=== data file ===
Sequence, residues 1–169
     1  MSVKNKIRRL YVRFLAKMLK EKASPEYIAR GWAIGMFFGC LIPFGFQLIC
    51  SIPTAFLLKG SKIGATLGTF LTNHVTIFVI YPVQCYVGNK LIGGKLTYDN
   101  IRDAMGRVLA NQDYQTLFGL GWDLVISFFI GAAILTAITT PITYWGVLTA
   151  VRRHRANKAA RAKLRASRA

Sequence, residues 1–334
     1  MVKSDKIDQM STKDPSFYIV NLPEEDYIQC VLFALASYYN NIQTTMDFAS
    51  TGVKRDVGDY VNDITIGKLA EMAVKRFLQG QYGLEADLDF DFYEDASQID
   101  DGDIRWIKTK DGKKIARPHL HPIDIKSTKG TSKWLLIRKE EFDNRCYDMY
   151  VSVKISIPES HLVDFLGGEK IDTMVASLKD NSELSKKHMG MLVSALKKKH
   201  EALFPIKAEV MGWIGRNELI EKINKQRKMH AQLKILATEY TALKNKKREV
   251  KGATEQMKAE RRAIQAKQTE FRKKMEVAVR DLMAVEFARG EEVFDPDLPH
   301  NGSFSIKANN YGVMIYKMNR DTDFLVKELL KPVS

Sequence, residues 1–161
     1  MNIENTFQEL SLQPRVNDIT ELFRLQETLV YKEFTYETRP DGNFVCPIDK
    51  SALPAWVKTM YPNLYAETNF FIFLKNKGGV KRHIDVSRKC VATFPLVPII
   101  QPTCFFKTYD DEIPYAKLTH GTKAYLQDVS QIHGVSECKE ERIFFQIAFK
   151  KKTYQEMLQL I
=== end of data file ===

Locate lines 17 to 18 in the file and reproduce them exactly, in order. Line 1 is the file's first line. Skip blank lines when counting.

   101  QPTCFFKTYD DEIPYAKLTH GTKAYLQDVS QIHGVSECKE ERIFFQIAFK
   151  KKTYQEMLQL I